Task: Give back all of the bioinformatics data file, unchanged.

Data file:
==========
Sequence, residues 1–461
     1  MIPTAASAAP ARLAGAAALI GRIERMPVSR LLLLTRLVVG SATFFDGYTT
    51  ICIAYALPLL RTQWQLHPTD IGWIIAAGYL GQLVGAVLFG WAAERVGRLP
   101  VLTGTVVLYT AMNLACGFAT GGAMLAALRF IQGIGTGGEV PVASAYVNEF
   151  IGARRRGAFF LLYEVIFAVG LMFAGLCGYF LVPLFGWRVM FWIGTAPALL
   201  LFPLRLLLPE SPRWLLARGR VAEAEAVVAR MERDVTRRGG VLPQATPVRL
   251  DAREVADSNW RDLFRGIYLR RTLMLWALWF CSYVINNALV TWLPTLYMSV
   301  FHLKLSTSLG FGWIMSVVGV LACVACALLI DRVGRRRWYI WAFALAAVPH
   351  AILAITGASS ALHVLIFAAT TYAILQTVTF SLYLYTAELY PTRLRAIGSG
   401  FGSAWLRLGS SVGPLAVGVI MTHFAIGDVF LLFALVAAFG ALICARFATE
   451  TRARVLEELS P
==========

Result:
Sequence, residues 1–461
     1  MIPTAASAAP ARLAGAAALI GRIERMPVSR LLLLTRLVVG SATFFDGYTT
    51  ICIAYALPLL RTQWQLHPTD IGWIIAAGYL GQLVGAVLFG WAAERVGRLP
   101  VLTGTVVLYT AMNLACGFAT GGAMLAALRF IQGIGTGGEV PVASAYVNEF
   151  IGARRRGAFF LLYEVIFAVG LMFAGLCGYF LVPLFGWRVM FWIGTAPALL
   201  LFPLRLLLPE SPRWLLARGR VAEAEAVVAR MERDVTRRGG VLPQATPVRL
   251  DAREVADSNW RDLFRGIYLR RTLMLWALWF CSYVINNALV TWLPTLYMSV
   301  FHLKLSTSLG FGWIMSVVGV LACVACALLI DRVGRRRWYI WAFALAAVPH
   351  AILAITGASS ALHVLIFAAT TYAILQTVTF SLYLYTAELY PTRLRAIGSG
   401  FGSAWLRLGS SVGPLAVGVI MTHFAIGDVF LLFALVAAFG ALICARFATE
   451  TRARVLEELS P